Rising indie-folk star Didirri hopes his music is like a good chat with a sad friend.
But with delicate sensibilities and a penchant for writing sombre songs, he has batted away suggestions he’s got a gloomy disposition.
“I woke up one morning a couple of months ago and I had this phrase in my head which is ‘music is for moving people or making people move’, and I’m really not making people move.”
“It’s songs from the heart, and I don’t shy away from the difficult topics.
“People will come up to me and ask me if I’m a sad man, and I always say no, but music is kind of like a healing process for me.
“When I’m happy, I just don’t want to make music.”
With a coveted spot at the Grampians Music Festival early next year and a string of sold out shows in capital cities and overseas gigs behind him, he’s been touted as the next big thing in Australia’s music scene.
Hailing from Warrnambool, Didirri was classically trained in piano from the age of four, but didn’t enjoy it until he was older.
“I absolutely detested it for a bunch of years, but at some stage it kind of tipped over,” he said.
“Lots of performers sort of have the same view that you kind of start making music because it’s the only time your brain shuts off.
“I realised I could spend a long time in front of the piano without thinking or worrying about anything.”
His EP will be out next year, with songs about Frida Kahlo and odes to his exes.
New music isn’t the only project taking up his attention, with his touring hobby paying dividends.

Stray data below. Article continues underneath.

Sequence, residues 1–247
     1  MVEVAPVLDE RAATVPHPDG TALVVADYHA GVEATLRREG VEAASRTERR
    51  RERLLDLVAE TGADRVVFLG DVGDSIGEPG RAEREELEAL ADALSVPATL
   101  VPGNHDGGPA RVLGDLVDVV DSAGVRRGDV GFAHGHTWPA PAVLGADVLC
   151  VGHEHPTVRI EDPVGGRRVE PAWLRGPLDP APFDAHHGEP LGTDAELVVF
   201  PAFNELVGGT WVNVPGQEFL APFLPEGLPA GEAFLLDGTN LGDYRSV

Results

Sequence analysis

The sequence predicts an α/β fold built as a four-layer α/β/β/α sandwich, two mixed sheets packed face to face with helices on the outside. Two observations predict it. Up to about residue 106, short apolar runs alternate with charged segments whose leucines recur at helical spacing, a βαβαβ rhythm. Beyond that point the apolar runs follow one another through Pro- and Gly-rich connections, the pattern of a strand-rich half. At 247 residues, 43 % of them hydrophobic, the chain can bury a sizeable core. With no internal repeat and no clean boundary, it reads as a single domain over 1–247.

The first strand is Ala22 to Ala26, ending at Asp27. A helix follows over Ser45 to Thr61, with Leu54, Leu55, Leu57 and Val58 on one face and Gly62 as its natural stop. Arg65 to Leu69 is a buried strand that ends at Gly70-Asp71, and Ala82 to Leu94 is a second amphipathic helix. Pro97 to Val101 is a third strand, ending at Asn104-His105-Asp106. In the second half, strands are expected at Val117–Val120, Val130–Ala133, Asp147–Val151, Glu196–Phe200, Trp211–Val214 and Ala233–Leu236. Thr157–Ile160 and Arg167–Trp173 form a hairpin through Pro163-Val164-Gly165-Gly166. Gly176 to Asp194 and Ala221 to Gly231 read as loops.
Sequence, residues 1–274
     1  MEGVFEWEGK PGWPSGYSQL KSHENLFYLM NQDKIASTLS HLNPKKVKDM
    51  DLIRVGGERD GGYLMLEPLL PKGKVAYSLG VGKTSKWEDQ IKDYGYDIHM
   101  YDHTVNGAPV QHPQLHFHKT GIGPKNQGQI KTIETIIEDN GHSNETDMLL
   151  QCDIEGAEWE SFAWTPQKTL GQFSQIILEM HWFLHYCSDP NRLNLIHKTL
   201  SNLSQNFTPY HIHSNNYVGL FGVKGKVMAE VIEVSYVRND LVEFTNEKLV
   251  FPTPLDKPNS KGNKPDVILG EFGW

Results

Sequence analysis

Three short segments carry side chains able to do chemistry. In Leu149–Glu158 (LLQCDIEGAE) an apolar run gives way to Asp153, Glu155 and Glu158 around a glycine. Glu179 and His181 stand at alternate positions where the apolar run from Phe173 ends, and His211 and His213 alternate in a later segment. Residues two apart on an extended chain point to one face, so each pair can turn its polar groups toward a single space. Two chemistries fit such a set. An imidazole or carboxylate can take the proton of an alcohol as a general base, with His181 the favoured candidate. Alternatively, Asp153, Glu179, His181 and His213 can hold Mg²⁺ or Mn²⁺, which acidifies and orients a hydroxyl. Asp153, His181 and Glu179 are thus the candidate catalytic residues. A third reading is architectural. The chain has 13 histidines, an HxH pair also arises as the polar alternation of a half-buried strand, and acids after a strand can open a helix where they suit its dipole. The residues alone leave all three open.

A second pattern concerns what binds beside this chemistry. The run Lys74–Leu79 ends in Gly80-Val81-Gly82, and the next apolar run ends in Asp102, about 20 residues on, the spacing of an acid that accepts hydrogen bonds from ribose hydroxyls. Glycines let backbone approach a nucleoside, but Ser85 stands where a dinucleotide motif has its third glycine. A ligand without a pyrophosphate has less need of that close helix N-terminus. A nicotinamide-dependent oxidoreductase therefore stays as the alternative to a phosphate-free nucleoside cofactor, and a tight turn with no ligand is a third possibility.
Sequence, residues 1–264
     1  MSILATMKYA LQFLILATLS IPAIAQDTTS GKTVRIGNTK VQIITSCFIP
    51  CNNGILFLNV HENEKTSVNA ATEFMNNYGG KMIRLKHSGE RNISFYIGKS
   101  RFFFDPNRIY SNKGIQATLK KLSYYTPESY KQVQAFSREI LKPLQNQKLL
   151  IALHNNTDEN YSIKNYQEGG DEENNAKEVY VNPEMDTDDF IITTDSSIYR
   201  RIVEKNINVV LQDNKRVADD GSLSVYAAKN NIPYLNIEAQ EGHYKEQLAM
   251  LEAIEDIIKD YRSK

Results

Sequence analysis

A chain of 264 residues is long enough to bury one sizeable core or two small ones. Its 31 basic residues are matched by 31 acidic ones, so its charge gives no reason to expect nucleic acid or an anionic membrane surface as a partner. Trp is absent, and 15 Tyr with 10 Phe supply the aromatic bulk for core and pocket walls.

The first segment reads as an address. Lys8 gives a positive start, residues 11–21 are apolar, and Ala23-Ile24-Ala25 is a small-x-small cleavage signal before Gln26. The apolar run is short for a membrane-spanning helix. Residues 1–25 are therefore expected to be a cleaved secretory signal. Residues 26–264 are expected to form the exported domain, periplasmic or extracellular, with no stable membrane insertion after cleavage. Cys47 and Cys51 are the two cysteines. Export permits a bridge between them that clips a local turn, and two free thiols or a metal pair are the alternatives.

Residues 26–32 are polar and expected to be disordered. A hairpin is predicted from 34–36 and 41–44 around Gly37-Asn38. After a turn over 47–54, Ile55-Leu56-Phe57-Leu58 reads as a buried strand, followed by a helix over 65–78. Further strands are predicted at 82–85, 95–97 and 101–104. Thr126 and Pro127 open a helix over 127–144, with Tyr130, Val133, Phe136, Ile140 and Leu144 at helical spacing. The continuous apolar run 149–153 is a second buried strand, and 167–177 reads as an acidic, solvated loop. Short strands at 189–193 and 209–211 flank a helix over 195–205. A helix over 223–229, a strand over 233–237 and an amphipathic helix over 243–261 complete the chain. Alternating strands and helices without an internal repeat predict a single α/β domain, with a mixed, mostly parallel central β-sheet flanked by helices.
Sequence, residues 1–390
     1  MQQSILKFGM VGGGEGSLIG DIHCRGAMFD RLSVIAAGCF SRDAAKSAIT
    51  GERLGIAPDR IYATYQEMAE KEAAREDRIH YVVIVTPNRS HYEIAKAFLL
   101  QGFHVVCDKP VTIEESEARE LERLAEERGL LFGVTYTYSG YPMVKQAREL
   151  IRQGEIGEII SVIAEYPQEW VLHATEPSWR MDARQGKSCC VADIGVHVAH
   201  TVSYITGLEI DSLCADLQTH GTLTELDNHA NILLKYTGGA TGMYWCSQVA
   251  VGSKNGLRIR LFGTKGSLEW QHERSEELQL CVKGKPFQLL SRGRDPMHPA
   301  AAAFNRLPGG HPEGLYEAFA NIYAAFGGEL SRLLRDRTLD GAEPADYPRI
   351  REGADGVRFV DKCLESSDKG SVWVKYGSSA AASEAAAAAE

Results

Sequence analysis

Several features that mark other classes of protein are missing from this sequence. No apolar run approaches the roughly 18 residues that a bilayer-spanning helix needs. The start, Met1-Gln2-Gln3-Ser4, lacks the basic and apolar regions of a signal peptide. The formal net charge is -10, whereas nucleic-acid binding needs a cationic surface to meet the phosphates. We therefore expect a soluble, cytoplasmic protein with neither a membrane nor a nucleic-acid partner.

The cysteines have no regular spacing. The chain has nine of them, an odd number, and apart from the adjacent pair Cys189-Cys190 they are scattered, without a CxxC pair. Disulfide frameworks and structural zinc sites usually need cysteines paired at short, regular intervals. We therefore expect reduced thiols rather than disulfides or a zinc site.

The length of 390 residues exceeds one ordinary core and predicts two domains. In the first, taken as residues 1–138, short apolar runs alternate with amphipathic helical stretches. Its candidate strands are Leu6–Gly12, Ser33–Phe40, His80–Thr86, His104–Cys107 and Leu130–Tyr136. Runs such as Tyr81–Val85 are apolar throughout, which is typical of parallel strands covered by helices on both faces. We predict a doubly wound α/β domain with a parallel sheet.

“People ask me at shows a lot what I do to meditate or calm down, and I’m a knitter,” he said.
“The way it goes is that my mates usually buy me wool and ask me to make something, and on my long flights I just sit there and knit.
“It’s a constant achievement, so I’m encouraging all those boys out there that think it is a particularly feminine thing to do. It’s amazing and very practical.”
With the Grampians Music Festival just around the corner, he’s said it’s a “really fun line-up”.
“Ruby Fields has been smashing it, and I’m also a bit obsessed with Polish Club’s social media at the moment.”
“They made an 90s-style infomercial which is very funny.”
“The Grampians is like an old holiday spot of mine too, so it’ll be nice to get out there again.”
Didirri will also perform at the City of Ballarat Summer Sundays on January 21.
AT A GLANCE
- Grampians Music Festival will take place on February 2-4 next year.
- Located in the Grampians National Park at Halls Gap.
- Headlined by Polish Club, Tired Lion and Ruby Fields.
- Tickets cost between $175 and $195, plus booking fee and GST. A Friday only ticket is $30+BF and GST.